Stereotactic headframe-based imaging is often needed for target localization during surgery for insertion of deep brain stimulators. A major concern during this surgery is the need for emergency airway management while an awake or sedated patient is in the stereotactic headframe. The aim of our study was to determine the ease of emergency airway management with a stereotactic headframe in situ.
Materials and Methods:
We conducted an observational study using a mannequin. A Leksell stereotactic headframe was placed on a mannequin in the operating room and the frame was fixed to the operating room table. Anesthesia personnel were asked to insert a #4 laryngeal mask and then to intubate the mannequin, using both direct (DL) and video laryngoscopy (VL). In addition, participants were asked to perform the same airway techniques in the mannequin without the headframe. Data were analyzed for time taken for airway management using different devices with and without the headframe. In addition, we compared the time taken to secure the airway between different participant groups.
Thirty anesthesia personnel (7 residents, 12 fellows, and 11 consultants) participated in the study. With the headframe in situ, 97% of participants were able to insert a laryngeal mask on their first attempt; 93% and 97% of participants were able to intubate the mannequin using DL and VL respectively on their first attempt. Without the stereotactic headframe, all participants were able to insert the laryngeal mask and intubate on the first attempt. The average time taken to insert a laryngeal mask and intubate the mannequin using DL and VL with the headframe in situ was 39.3, 58.6, and 54.8 seconds, respectively.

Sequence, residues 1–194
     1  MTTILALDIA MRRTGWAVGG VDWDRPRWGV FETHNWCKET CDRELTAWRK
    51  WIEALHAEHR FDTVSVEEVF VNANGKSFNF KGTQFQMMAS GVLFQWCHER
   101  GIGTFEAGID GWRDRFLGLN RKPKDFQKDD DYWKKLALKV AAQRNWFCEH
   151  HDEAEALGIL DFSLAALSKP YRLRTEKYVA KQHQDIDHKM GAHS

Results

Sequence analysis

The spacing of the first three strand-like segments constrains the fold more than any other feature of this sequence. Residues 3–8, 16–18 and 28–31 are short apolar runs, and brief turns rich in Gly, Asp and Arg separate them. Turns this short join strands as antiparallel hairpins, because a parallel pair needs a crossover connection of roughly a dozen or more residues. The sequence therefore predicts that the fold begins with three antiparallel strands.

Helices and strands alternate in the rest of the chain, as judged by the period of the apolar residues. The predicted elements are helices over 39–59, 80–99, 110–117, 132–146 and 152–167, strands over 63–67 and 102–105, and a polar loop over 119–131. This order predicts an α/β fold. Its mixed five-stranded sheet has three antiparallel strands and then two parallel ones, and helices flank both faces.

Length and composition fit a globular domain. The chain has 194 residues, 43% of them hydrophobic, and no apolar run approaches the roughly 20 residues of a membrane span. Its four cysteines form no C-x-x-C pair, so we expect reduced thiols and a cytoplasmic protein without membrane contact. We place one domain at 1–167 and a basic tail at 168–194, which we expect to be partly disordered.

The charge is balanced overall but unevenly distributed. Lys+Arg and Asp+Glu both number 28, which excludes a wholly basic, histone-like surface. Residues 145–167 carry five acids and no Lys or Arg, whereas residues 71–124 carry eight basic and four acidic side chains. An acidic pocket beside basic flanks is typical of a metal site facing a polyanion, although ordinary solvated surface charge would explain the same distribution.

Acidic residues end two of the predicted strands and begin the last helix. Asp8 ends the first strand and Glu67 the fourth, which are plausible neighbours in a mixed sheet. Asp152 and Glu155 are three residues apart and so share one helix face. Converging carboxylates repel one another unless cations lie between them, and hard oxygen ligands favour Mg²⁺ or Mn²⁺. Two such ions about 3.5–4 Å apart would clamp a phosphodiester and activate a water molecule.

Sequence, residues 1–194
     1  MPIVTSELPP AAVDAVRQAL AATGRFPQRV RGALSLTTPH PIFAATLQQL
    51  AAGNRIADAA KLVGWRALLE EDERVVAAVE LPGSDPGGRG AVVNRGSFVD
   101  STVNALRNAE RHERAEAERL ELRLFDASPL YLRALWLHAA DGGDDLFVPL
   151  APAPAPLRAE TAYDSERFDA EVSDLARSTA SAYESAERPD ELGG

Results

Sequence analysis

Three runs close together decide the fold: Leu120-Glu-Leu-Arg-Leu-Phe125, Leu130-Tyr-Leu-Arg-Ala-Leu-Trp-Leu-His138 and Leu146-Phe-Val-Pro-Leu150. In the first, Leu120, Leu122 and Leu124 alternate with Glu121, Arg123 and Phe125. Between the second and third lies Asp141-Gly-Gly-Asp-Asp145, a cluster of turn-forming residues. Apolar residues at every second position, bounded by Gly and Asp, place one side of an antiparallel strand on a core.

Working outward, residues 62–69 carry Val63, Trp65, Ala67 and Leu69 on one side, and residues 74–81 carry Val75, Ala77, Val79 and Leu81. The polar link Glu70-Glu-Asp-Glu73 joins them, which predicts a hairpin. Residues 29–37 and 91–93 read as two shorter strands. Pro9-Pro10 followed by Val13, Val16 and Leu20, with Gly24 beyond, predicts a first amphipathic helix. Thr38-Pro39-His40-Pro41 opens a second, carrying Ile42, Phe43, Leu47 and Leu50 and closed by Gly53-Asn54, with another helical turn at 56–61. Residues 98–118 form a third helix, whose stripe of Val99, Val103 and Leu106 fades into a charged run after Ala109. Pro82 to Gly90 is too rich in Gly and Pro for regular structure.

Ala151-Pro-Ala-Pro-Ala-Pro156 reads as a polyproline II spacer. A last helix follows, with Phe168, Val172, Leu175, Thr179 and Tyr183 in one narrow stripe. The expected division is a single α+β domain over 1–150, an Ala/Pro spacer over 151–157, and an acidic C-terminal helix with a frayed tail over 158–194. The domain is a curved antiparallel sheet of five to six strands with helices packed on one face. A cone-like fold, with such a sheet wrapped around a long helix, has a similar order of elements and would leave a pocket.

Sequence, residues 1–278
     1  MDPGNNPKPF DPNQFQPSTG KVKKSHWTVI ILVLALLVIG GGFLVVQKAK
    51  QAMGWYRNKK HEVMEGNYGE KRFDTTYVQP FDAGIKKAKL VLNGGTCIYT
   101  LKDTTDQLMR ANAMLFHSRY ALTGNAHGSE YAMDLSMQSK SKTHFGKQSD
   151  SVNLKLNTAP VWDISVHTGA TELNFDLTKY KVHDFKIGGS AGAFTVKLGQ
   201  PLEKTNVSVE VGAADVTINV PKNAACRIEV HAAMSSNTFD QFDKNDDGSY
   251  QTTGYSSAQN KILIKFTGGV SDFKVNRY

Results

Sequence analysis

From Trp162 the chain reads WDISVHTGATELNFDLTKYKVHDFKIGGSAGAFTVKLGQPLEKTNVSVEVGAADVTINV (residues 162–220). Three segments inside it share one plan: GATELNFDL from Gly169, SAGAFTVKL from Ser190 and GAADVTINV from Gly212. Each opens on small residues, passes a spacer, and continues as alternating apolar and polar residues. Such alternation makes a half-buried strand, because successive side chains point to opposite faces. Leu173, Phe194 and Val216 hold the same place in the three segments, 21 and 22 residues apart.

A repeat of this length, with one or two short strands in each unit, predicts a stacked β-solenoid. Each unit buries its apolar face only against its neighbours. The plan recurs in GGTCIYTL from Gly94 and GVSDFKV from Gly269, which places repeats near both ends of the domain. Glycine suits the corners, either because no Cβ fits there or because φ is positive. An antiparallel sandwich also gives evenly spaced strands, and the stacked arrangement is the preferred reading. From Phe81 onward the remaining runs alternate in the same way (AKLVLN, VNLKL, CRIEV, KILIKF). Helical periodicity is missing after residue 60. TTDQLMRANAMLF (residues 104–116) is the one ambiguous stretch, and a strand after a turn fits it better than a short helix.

Our study showed that both laryngeal mask insertion and tracheal intubation can be performed with a stereotactic headframe in situ. A laryngeal mask is the quickest airway device to insert and can be inserted while the mannequin is in the standard surgical position. Further study is needed to validate the results in patients.